Filed under: Family Camping, Nature & Wildlife, Outdoor Recreation & Hiking
A Hike Not to Be Repeated–Part 2
In my last post, I began with a description of a less-than-pleasant (read seemingly endless!) hike up Long Canyon Trail in the Taos Ski Valley, NM. When we finally reached the beautiful meadow in which we would join the Gold Hill Trail, after two and a half hours of hiking, we had already decided that we would not be turning left, extending our hike, and heading up to the summit of Gold Hill, which would add an additional hour and a half to our hike. Rather, we would rather head right, taking Gold Hill Trail back down to connect with Bull of the Woods Trail.
Interestingly, these trails are commonly used for horse travel and we recalled that on a trip to New Mexico during a prior year, we had ridden horses on Gold Hill Trail up into the beautiful mountain meadows. The trail, and accordingly my mood, improved considerably once we reached the Gold Hill Trail. We also met up with horseback riders who were picnicking in the beautiful mountain meadow and helped to point us in the right direction, as there were no signs and several trails at one particular confluence.
While the trail opened up at the meadow, we noted as we hiked down that the Gold Hill Trail was much more open and visually appealing than the Long Canyon Trail. Additionally, the pitch was less steep, making for more pleasant hiking, either up or down. As we descended, we discussed and planned to use the Gold Hill Trail as an up and back route to reach the Gold Hill. Summit, rather than hiking up Long Canyon and down Gold Hill. The summit is three miles from where the Gold Hill Trail meets up with Bull of the Woods Trail, which is about 1.5 to two miles from the trailhead. Not a bad hike and much more pleasant that revisiting the Long Canyon. This is in our future plans.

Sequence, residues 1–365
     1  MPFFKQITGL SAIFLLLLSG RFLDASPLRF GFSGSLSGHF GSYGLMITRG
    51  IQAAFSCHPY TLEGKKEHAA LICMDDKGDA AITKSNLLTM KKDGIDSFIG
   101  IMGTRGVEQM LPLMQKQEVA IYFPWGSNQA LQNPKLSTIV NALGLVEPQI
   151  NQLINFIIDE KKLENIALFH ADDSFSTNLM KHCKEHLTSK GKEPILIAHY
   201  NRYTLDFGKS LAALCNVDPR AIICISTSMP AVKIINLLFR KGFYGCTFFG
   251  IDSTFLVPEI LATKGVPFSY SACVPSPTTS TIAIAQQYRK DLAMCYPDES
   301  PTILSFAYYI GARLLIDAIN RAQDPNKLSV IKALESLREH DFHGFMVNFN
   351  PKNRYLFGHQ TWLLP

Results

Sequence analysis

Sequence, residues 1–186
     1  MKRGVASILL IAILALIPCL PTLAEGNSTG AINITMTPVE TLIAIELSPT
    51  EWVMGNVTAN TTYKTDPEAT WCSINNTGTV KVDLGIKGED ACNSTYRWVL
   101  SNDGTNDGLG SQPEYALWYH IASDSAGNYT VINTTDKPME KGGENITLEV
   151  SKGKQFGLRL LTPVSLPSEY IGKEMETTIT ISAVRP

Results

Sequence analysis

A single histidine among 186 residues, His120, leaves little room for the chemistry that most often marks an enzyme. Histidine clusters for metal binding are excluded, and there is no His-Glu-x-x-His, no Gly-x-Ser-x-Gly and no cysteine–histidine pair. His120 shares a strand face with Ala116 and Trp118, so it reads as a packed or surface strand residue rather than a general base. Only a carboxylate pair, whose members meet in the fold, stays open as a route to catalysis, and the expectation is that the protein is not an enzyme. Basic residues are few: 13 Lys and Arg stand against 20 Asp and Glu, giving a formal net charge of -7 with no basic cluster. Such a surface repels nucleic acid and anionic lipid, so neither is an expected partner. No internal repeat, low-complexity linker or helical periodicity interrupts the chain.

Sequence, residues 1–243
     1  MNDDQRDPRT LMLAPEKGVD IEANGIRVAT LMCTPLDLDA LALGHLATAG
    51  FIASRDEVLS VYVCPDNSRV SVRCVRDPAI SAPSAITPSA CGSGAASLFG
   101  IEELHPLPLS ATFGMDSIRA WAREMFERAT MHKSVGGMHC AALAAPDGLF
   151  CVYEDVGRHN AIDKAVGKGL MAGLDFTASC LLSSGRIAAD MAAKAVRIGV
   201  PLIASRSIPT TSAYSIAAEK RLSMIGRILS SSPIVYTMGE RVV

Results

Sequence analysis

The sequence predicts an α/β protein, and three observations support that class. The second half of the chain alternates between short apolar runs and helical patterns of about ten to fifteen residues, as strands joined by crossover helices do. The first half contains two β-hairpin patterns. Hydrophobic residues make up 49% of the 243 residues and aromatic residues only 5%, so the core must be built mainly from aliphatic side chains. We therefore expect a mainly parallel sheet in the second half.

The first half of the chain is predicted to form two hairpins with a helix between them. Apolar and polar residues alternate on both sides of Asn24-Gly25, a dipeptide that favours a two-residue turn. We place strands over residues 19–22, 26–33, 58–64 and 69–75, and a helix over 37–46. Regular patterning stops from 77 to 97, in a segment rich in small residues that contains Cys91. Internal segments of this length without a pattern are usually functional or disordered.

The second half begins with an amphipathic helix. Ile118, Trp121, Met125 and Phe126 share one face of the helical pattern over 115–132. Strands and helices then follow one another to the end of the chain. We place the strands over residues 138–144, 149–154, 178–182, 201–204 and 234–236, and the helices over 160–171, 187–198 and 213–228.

But to be honest, in spite of our best intentions and our traumatic past experience, we nearly took a wrong turn once we reached Bull of the Woods Trail, most likely the same place we went wrong the last time. This is due to confusing signage. At a fork in the Bull Trail, one road/trail heads off to the left and the other, forward. The forward trail is labeled “Twining.” We saw this and assumed we were to take the other fork. This is logical unless you know ahead of time that Twining was the name of the Taos Ski Valley in its early mining days. Why they have not changed the sign (which is a relatively new, modern looking sign) to Taos Ski Valley, or even Parking Lot, is beyond me. Luckily a very nice young couple with a map (another great idea! When hiking in an unfamiliar area, bring a map!) wandered by at just the right moment and assured us Twining was the way to go. Crisis averted. If you undertake any hike involving the Bull of the Woods Trail, however, know that Twining is the destination you’re looking for. And know that even if you decide to hike Long Canyon Trail in spite of my warnings, once you reach Gold Hill Trail, your hike will improve considerably!
Read more about New Mexico campgrounds and things to do in New Mexico.